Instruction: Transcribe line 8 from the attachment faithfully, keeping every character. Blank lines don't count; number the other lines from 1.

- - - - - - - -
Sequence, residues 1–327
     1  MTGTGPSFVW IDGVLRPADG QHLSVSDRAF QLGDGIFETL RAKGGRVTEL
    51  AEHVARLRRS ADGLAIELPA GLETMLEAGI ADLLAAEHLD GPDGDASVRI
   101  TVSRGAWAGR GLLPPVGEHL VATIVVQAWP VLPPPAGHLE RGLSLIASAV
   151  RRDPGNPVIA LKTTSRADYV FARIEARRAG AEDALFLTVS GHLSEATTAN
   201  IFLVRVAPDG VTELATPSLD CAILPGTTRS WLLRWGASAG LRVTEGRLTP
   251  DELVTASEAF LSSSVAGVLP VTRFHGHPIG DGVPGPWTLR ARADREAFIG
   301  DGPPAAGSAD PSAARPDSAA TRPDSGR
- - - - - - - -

   301  DGPPAAGSAD PSAARPDSAA TRPDSGR